Cityblock Health is a startup company that uses high-tech tools to deliver personalized, high-touch care to low-income residents with multiple health concerns.
Practicing medicine in this way may also be a “prophylaxis against physician burnout,” Cityblock Chief Health Officer and co-founder Toyin Ajayi, MD, told a gathering at the AMA’s Chicago headquarters.
“I love my job; I love being a doctor,” Dr. Ajayi said. “I’m excited to get up and go to work each day—and many of my fellow physicians are not.”
Cityblock was launched in 2017 as a spinout of Sidewalk Labs, which is a subsidiary of Google’s parent company, Alphabet. Within four months, Cityblock had raised more than $23 million in investment funding. It was also one of the first companies to receive an investment from Town Hall Ventures, a venture capital firm led by Andy Slavitt, former acting administrator of the Centers for Medicare & Medicaid Services.
“We need to stop investing in the third Fitbit for the 50-year-old upper-class person and start innovating for people who have common diseases and conditions, but live in communities with low access to care,” Slavitt, a 2017 recipient of the AMA’s Dr. Nathan Davis Award for Outstanding Government Service, told CNBC.
The AMA is improving the health of the nation by confronting the increasing chronic disease burden. The AMA is committed to helping America achieve no new preventable cases of type 2 diabetes, all adults meeting their blood pressure goals, and an end to the opioid epidemic.
Back at Cityblock, the model includes integrated primary and behavioral health care combined with social services to meet the complex needs of patients that may be further complicated by substance-use disorders, poverty and unresolved issues stemming from traumas either witnessed or experienced.
“The traditional health system fails to meet their needs, and we see it in ED [emergency department] visits and disparities in key outcomes of health and well-being,” Dr. Ajayi said.
Dr. Ajayi described how a patient’s death inspired her to practice differently.
The patient, in her 40s with two children, was someone traditionally labeled as “noncompliant.” She was struggling with substance-use disorder, severe and persistent asthma, and was in and out of the hospital or emergency department in a “constant revolving cycle.”
By “traditional measures of quality,” the staff did a good job with this patient, Dr. Ajayi said. They did all the right things, such as dutifully making recommended follow-up calls, but still failed to meet her needs.
“What could we have done differently?” Dr. Ajayi wondered. She reviewed the patient’s chart and found that she received fragmented care from 20 different physicians in the last year of her life. She also learned that no one addressed the woman’s sleep troubles, which stemmed from the trauma of deep personal losses early on in life.
Dr. Ajayi began to question how she approached her practice of medicine, given the challenges she faced in delivering high-quality care to her patients within the constraints of a system that wasn’t set up for success. These challenges include trying to solve four major health issues in a 15-minute visit or writing a $400 monthly prescription without realizing the sacrifices it might take for patients to afford that medicine.
A realization came that there needed to be accountability for health—not just the delivery of health care services.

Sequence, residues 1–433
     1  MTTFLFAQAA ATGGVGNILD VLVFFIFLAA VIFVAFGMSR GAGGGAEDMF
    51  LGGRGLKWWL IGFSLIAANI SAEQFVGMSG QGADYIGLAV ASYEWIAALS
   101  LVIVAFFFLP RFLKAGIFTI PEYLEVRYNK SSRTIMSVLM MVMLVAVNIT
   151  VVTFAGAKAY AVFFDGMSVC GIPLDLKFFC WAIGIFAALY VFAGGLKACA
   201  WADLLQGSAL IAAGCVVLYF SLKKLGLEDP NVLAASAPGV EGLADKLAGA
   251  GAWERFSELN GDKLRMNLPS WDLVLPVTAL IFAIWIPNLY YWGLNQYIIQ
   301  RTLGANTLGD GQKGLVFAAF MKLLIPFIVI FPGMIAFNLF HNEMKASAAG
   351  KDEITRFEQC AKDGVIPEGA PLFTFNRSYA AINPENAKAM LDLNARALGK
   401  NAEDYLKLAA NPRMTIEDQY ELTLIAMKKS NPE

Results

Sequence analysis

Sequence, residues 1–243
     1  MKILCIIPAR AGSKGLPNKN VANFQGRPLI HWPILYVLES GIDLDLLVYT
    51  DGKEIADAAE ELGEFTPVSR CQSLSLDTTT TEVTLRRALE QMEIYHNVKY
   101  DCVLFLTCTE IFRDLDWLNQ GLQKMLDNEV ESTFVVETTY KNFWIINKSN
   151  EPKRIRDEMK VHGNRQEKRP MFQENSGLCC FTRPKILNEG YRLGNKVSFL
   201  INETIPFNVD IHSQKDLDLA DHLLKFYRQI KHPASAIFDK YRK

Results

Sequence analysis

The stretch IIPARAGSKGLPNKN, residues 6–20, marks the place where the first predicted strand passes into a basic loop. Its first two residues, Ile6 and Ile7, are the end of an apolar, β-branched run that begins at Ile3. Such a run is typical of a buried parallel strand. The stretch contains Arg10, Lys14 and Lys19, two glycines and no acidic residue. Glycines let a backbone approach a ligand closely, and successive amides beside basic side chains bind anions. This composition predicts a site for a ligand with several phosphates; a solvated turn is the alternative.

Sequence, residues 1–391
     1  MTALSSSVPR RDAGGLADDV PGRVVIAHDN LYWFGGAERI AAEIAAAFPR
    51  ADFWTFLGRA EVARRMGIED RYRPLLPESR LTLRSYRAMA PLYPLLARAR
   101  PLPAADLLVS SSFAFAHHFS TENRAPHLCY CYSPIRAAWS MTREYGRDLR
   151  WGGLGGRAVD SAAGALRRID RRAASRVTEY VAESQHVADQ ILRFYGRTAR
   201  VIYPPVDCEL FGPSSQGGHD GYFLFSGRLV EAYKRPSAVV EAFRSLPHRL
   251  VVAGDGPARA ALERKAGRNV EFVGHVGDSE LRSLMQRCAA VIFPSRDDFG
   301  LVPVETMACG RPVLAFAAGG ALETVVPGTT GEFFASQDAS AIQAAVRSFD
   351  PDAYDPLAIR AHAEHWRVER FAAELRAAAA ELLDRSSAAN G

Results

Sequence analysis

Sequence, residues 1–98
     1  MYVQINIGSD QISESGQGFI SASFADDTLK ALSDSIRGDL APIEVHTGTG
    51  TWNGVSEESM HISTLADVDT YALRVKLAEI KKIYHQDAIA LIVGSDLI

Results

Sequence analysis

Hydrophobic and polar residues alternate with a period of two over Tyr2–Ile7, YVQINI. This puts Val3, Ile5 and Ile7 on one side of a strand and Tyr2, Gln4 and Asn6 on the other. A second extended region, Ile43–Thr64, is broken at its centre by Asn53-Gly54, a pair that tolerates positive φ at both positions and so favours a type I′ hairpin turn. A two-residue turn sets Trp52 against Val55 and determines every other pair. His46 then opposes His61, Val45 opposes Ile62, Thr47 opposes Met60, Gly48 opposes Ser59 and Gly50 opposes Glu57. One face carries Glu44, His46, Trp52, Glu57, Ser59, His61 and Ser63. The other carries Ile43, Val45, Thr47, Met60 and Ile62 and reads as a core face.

“What does it look like to scrap it all and build from scratch?” Dr. Ajayi asked.
She found out by discovering a “community of like-minded people” who went about designing a new primary care infrastructure for a high-risk population.
The patient is in the middle, surrounded by a team who meets patients’ needs using new communication tools. To achieve this, Cityblock created a new health care job as a critical part of their care teams.
Cityblock hires and trains nonclinical “community health partners.” They are people, often from the neighborhoods Cityblock serves, who meet with patients in their homes. These partners may not always have an advanced degree, but they possess empathy, tenacity and strong listening skills.
“Patients,” by the way, are now “members.” And, instead of clinics and offices, Cityblock operates from “neighborhood hubs” that are located next to public transportation and include free internet and common spaces that provide room for classes, family counseling, and social events.
In April 2018, Cityblock partnered with the nonprofit health plan EmblemHealth to reach members facing complex health and social needs in New York neighborhoods. In mid-2018, Cityblock opened its first hub, co-located with AdvantageCare Physicians, an EmblemHealth-affiliated multispecialty practice in Brooklyn.
Cityblock’s technology platform is named Commons. It enables Cityblock’s on-the-go care teams to see each member’s health and social needs and goals, and to coordinate their care. Cityblock also has technology to support telehealth services such as texting and videoconferencing with patients.
The platform is also used to manage “member action plans” and prioritize next steps using data from electronic health records, health information exchanges, claims and other sources.
The technology is also being used to build a body of practical decision-support evidence.
This could include helping patients determine the three most important things someone with multiple health concerns must do to stabilize their conditions. For example, a person may present with chronic obstructive pulmonary disease and schizophrenia. They may also be homeless—so they cannot use medication that requires refrigeration.
Decision support should answer the question, “What works for a person who looks like this?” Dr. Ajayi said.